- VineLines Dispatch: Harvest surrounding Lake Chelan
- Northwest restaurateurs purchase Basel Cellars in Walla Walla
- Hayden Homes CEO buys interest in Pepper Bridge, Amavi wineries
- Walla Walla Community College to receive $15 million gift from MacKenzie Scott
- Brian Carter Cellars adds Latin influence with marketing hire
- VineLines Dispatch: A Gorgeous look at harvest
- Goose Ridge hires Peter Devison as winemaking consultant
- Tri-City winemaker Palencia partners on Culture Shock mobile catering
- Armstrong Family Winery turns Discovery Vineyard Syrah into best wine at Great Northwest Invitational
- VineLines Dispatch: Harvest of Walla Walla Valley
Portland Indie Wine Fest poised to bounce back
The Portland Indie Wine and Food Festival took a sabbatical last year, but founder Lisa Donoughe recently pulled the veil back a bit on plans for its return to the Rose City on May 9-13.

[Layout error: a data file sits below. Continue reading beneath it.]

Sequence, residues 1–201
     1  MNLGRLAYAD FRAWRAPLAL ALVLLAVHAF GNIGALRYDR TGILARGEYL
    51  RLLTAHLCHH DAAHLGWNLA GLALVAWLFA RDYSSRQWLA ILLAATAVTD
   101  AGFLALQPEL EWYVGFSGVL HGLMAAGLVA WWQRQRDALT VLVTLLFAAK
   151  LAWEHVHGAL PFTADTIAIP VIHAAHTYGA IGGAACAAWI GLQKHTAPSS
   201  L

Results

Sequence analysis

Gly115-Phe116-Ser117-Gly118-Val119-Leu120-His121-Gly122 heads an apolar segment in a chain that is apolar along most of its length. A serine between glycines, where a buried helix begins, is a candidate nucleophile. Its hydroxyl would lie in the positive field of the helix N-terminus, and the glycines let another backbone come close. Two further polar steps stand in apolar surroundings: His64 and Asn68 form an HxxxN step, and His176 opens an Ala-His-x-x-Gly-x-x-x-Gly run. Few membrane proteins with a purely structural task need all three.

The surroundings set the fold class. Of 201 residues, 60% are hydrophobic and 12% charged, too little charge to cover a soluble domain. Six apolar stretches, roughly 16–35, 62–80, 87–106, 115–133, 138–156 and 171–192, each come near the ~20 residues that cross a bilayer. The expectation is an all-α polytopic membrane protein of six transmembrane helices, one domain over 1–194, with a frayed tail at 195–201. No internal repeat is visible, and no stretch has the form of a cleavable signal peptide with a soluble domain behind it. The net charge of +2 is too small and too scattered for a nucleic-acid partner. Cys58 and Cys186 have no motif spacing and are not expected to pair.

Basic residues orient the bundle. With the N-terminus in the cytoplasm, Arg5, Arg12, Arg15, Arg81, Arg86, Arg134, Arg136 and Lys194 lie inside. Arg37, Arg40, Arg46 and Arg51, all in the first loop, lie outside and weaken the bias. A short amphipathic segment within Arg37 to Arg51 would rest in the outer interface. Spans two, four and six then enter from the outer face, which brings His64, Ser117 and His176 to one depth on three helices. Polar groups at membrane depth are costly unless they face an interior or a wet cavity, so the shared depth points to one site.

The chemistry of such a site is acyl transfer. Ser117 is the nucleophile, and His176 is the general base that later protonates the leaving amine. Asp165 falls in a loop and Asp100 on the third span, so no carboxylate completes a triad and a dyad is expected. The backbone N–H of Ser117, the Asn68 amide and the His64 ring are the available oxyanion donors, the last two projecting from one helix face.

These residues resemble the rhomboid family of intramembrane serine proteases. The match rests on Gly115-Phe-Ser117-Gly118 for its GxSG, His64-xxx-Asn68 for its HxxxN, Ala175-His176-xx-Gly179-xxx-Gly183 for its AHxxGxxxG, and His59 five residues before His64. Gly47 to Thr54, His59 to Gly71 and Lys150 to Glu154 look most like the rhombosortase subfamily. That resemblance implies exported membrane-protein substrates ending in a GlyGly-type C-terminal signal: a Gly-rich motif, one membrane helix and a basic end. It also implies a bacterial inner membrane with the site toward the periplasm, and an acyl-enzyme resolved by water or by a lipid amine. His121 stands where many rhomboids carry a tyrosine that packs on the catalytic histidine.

Her Indie Wine Festival blog referenced that while much has been penciled in rather set than in stone, the lineup looks to include:
- An interactive blind tasting with regional and national judges showing patrons how to be a wine judge
- Craft Beer vs. Craft Wine symposium featuring Katherine Cole, wine columnist for The Oregonian, as well as regional charcuterie and cheeses
- Wine Writer for a Day, where folks can get a sense for what it takes to land a position as a wine scribe (suggestion, invite The HoseMaster of Wine to serve on that panel)
- Indie winemaker dinners involving restaurant partners Metrovino, Nostrana and Toro Bravo
By Donoughe’s definition, an “indie” or craft winery has an annual production of 2,500 cases or less.
For those who don’t know, Donoughe owns Watershed, a food and restaurant marketing agency with offices in PDX and New York City. Her group also works with some “A list” and iconic wineries beyond the indie ranks — Chehalem Wines, Montinore, Penner-Ash — and Saffron Fields, a young project in Yamhill shepherded by winemaker Tony Rynders.